Breeding Season Manipulation (Book Excerpt)

Editor's Note: This is an excerpt from Breeder's Guide to Mare, Foal, and Stallion Care by Christine Schweizer, DVM; Christina Cable, DVM; E.L. Squires, PhD. This book is available from

Left to her own devices, a mare cycles more or less between April and October. Each estrous cycle (or the length of time between ovulations) lasts approximately 21 days, and the mare ovulates 24 to 48 hours before the end of her behavioral estrous period after a variable number of preceding days in heat. Unfortunately, these patterns are not always the most convenient for humans imposing their own schedules on the breeding process. Equine reproductive physiology lends itself to manipulation in a number of ways, and the mare's seasonality, ovulations, and interestrous interval all can be manipulated to suit manmade demands. 

Because the mare's gestation length is approximately 11 months, the equine breeding season begins during late spring and ends in early to mid-autumn. Over time, natural selection pressures favored individuals born during the warmer seasons, and, consequently, the genetics of those mares that cycled during May, June, and July in the Northern Hemisphere. However, at some period during man's Western development, January was chosen as the start of our calendar year. Many stud books once recorded a horse's actual day of birth as its official birthday. But for racehorses in particular, this manner of measuring a horse's age started to cause considerable confusion as horses might compete as three-year-olds one week, then turn around and run as four-year-olds the next. As a matter of convenience, it was decided that all Standardbreds and Thoroughbreds should have the same designated birthday, and January 1st became the chosen date. It is unfortunate that the decision-makers did not stop to think the matter through a little better.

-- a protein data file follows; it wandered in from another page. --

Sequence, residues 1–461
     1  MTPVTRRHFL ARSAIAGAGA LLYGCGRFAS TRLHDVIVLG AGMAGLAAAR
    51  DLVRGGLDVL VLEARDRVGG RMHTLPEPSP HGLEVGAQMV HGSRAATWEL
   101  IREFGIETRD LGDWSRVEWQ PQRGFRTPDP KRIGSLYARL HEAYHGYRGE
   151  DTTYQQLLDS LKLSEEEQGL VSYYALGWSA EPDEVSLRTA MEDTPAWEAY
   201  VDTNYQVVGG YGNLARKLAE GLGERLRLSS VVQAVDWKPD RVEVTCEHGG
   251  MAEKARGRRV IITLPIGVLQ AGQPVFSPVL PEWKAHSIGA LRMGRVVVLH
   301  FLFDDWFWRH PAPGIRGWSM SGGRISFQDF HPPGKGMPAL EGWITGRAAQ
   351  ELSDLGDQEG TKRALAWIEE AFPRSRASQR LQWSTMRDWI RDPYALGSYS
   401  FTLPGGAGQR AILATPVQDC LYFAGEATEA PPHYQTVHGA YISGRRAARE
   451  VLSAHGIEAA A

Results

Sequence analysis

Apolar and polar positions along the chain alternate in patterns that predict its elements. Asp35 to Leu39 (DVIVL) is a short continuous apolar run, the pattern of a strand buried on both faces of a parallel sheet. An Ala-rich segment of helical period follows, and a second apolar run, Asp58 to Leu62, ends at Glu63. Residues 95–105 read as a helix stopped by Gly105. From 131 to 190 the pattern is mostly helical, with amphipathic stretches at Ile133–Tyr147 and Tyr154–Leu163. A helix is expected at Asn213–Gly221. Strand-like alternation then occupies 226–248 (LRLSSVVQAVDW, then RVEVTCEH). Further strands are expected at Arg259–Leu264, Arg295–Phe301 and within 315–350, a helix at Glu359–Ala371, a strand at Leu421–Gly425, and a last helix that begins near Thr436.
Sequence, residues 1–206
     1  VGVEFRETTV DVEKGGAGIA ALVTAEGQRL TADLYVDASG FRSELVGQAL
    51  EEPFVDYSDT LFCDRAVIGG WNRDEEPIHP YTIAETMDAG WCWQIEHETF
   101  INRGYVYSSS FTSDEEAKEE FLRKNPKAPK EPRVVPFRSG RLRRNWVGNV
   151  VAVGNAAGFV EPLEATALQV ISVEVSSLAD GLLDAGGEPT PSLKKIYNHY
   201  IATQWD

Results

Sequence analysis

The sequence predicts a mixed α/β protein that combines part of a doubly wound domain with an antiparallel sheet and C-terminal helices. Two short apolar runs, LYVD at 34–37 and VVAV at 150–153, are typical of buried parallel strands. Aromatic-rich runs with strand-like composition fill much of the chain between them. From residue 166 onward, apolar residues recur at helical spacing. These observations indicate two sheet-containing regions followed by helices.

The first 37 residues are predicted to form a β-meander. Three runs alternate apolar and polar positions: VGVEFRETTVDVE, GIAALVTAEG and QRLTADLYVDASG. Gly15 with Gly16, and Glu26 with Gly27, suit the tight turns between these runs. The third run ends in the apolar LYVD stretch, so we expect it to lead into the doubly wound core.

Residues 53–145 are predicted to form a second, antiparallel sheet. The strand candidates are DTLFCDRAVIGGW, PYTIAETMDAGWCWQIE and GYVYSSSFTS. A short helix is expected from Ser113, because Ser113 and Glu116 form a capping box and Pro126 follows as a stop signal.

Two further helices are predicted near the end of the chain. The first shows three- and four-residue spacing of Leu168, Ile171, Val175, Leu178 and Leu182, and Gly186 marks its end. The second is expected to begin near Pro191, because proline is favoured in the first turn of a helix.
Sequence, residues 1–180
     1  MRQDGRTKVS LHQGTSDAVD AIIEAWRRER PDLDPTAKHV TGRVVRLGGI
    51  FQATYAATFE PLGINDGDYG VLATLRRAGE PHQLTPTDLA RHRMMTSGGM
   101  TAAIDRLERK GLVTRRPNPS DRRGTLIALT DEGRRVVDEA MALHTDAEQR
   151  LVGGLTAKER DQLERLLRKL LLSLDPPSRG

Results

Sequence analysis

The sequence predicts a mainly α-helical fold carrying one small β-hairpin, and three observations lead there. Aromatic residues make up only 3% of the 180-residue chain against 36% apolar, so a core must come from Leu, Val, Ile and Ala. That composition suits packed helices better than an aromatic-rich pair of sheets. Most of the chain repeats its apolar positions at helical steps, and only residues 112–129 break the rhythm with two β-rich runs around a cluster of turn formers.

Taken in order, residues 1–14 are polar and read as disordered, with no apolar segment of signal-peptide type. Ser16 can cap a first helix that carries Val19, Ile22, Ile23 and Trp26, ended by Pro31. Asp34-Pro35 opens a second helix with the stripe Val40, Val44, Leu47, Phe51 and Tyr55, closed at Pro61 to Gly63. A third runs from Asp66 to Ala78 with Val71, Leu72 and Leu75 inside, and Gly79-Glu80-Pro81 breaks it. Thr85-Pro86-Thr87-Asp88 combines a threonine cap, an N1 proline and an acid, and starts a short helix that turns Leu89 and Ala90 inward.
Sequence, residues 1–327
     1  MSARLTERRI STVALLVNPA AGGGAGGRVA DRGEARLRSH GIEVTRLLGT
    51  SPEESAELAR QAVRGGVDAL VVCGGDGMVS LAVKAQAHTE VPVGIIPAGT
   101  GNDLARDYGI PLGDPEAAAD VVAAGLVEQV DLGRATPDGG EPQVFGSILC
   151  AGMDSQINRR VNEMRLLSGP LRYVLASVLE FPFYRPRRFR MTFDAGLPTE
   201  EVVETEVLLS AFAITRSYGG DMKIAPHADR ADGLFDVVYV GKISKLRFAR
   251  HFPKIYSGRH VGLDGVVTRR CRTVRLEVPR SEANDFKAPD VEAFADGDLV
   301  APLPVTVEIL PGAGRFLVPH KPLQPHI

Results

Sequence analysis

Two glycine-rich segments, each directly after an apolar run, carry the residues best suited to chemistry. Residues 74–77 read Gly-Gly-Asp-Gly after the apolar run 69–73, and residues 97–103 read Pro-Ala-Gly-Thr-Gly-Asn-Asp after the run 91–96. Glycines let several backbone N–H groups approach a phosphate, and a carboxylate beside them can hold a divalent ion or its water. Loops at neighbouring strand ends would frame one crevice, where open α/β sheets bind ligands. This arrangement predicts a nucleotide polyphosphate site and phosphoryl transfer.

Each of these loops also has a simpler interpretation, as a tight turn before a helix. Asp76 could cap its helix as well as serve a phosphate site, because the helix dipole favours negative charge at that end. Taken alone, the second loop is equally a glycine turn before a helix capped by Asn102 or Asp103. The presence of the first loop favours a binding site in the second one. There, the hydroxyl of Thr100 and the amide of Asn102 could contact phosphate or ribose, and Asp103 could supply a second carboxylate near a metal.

In order for a mare to foal on or a little bit after January 1, she needs to conceive during February. Left alone, mares are still in late anestrus or spring transition at this time (not the optimal time to be trying to breed a mare!). There are strong incentives for trying to breed mares so that they foal as close to January 1 as possible. A foal born in January will be older and thus more mature than a foal born in June. The older foal will have developmental advantages when the two race against one another as two- and three-year-olds in particular. Older foals generally will be larger when it comes time to sell them as weanlings and yearlings and might command a higher price at the sales. Other breed registries also adopted a January 1 birthday, so racehorses are not the only horses placed under this kind of winter birthing pressure. Breeds, such as Morgans and Quarter Horses, which have richly rewarded futurity competitions for weanlings and yearlings, also are under the "bigger is better" dilemma. Any time money is involved, there is obviously a strong incentive to meet the requirements, and so it is with breeding mares in what, in effect, is the non-physiological breeding season. 

About the Author

Multiple Authors

Stay on top of the most recent Horse Health news with FREE weekly newsletters from Learn More

Free Newsletters

Sign up for the latest in:

From our partners